Linguist Dr. Beverly Hong Fincher from the Johns Hopkins School of Advanced International Studies gave a lecture on contemporary Chinese language entitled "A Trip to China." With support from the Social Science Research Council and Johns Hopkins, Dr. Fincher visited her native country for a month in the fall of 1971 for the purpose of studying how and in what ways the social leveling and social elevation goals of the People’s Republic had affected Chinese speech.
"Ms. Fincher," The Miscellany News reported, "said tha tht behavior exemplified by Chinese children in their interactions with one another was evidence enough that individualism does exist in China. The folk songs she heard sung by Chinese children and teh books she saw in many homes led Ms. Fincher to believe that China is not as 'regimented and austere as we think.'"
Urban historian Sam Bass Warner, Jr. from the University of Michigan gave the second C. Mildred Thompson Lecture of the academic year, on "The Loss of Purpose in Urban Landscape Architecture: Andrew Jackson Downing to Lawrence Halprin." Warner’s historical study of the growth of Philadephia, The Private City (1968) won the Albert J. Beveridge Award of the American Historical Association, and his comprehensive study of cities, The Urban Wilderness: A History of the American City, was published in 1972.
The Thompson lectureship, given by an anonymous donor, honored American historian C. Mildred Thompson '03, who taught in the history department from 1910 until 1923, when she became Vassar's dean, a position she held until her retirement in 1948. Dean Thompson died in 1975.
The music department presented a concert in Skinner Hall of 14th century vocal and instrumental music, featuring a preeminent authority on the bass viola da gamba, Grace Feldman from the New England Conservatory. Ms. Feldman, who performed on the vielle, viola da gamba and recorded, was joined by: Adriene Harzell, director of viol studies at Wellesley College, who played the vielle and viola da gamba; Paul Jordan, director of the music program at United Church on the Green in New Haven, CT, who played the recorder and krummhorn; and Quentin Quereau, tenor, a PhD candidate in musicology at Yale University.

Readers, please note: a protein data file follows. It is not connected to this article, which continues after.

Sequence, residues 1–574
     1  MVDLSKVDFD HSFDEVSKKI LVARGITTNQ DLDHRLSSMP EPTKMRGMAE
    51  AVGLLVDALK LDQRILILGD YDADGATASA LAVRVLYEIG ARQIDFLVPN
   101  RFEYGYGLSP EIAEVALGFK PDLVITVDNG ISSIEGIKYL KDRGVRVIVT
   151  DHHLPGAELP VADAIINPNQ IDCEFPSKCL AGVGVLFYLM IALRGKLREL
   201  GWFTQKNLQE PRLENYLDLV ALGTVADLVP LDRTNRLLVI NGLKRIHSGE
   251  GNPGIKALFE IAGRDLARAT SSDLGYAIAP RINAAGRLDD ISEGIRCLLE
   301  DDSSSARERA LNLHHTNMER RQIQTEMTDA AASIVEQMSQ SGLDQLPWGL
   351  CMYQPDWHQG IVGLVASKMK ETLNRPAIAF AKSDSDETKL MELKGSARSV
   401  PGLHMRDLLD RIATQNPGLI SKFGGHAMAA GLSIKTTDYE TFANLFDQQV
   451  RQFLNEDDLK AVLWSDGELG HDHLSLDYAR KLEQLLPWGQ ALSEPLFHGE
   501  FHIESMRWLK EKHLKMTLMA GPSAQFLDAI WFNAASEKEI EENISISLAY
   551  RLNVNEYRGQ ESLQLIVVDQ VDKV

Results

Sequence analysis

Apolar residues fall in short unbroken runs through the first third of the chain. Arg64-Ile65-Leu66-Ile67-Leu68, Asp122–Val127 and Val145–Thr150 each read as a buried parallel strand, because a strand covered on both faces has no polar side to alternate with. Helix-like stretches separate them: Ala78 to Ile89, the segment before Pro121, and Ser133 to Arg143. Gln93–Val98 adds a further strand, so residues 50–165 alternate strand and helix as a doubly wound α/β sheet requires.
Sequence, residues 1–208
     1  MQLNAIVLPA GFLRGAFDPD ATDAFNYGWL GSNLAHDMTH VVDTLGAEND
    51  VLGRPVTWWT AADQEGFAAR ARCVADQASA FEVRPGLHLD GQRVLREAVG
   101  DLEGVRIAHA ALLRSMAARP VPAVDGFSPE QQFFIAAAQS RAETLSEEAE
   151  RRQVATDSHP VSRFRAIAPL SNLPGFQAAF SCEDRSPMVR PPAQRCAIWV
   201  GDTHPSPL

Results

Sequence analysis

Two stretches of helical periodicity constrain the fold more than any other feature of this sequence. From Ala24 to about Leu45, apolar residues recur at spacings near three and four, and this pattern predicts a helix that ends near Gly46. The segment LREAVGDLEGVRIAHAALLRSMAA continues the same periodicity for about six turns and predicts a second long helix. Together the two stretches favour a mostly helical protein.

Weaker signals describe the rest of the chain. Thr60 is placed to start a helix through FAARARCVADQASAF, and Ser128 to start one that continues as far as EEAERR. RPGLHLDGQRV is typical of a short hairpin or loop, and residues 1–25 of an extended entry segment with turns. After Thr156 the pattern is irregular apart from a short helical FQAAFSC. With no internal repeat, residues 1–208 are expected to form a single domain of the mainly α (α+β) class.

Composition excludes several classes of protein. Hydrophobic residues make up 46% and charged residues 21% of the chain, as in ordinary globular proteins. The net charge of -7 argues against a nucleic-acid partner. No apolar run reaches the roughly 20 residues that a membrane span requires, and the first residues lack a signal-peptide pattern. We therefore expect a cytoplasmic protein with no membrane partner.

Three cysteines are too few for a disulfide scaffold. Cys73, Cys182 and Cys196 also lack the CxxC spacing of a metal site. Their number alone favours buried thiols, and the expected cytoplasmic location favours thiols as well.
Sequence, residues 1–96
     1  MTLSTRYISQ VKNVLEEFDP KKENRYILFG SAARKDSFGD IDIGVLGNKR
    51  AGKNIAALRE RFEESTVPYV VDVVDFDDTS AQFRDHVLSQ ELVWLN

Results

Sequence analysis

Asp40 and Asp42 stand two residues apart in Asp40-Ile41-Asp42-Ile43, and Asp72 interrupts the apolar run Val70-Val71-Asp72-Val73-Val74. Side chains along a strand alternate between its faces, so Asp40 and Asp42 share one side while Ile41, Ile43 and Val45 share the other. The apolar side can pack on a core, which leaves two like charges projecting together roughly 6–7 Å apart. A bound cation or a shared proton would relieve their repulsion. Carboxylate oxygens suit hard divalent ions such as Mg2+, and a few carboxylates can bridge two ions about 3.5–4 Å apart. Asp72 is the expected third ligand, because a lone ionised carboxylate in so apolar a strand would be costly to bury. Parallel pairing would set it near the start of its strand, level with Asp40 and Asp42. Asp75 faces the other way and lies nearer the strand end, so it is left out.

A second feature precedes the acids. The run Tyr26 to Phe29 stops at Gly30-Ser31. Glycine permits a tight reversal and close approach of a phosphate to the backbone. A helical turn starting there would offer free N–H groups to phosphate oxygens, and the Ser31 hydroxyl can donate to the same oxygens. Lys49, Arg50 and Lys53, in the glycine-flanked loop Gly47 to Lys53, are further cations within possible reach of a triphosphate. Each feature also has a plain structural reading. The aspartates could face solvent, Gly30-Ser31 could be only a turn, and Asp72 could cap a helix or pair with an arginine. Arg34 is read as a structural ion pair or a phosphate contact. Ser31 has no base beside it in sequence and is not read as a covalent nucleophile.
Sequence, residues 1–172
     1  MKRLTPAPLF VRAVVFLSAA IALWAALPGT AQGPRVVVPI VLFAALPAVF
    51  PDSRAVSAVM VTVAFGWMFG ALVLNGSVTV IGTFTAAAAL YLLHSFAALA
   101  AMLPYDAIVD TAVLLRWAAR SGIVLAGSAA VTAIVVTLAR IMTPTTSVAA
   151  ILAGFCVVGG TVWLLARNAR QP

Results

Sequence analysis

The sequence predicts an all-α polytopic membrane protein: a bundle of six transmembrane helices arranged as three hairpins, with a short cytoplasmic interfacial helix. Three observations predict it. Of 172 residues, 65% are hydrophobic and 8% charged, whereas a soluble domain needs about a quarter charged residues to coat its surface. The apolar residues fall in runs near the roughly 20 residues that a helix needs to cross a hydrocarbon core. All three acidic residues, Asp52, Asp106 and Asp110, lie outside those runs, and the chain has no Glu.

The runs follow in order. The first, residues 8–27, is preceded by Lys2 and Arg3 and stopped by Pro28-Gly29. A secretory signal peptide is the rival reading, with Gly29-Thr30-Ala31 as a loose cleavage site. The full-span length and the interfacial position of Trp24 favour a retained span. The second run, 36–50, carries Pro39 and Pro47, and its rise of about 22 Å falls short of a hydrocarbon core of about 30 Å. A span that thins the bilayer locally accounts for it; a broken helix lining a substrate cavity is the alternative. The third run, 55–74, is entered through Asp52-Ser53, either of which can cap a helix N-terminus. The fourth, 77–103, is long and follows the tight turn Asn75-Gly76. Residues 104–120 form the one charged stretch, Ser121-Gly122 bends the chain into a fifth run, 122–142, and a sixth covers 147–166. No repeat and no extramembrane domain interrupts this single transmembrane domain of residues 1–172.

In the afternoon Ms. Feldman, a member of the New York Trio de Camera and the New York Pro Musica Viol Consort, gave a lecture-demonstration in Thekla Hall on "Medieval Instruments."
Two exhibitions, Selections from the Asian Collections of Vassar College and “The White, Marmorean Flock”: Nineteenth-Century Women Neoclassical Sculptors, ran simultaneously at the Art Gallery. Curated by Annete Juliano, instructor in Oriental art, the Asian exhibit featured Chinese bronze age pottery, Japanese raku tea bowls and jars, Korean celadons and an Indian sculpture from the Pala period, all displayed, according to The Miscellany News, "for the first time in a way befitting their quality and importance."
The second exhibition, curated by Nicolai Cikovsky, Jr., director of the Vassar College Art Gallery, and Professor William H. Gerdts, from Brooklyn College, took its title from Henry James's evocation, in William Wetmore Story and His Friends (1903) of "that strange sisterhood of American 'lady sculptors' who at one time settled upon the seven hills [of Rome] in a white, marmorean flock." The American sculptors represented were Margaret Foley (1820-1908), Harriet Hosmer (1830-1908), Vinnie Ream Hoxie (1847-1914), Edmonia Lewis (1844-1907), Emma Stebbins (1815-1882) and Anne Whitney (1821-1915), all of whom lived and worked Rome in the 1850s and 1860s and all of whom but Lewis were white.
Under the auspices of the multidisciplinary program on Man and the Human Community, Austrian-born American sociologist Dr. Peter Berger from Rutgers University spoke on "Modernists as Fall Guys: Basic Script for a Sociological Harlequinade." Dr. Berger, wrote Nancy Borland '74 in The Miscellany News, "feels that technical rationality, or modernity, has produced an 'abstract society' in which human interactions are frustratingly shallow and lonely. As the abstract factors further expand, they tend to 'infringe upon privacy in terms of offering weak social supports to the individual.'"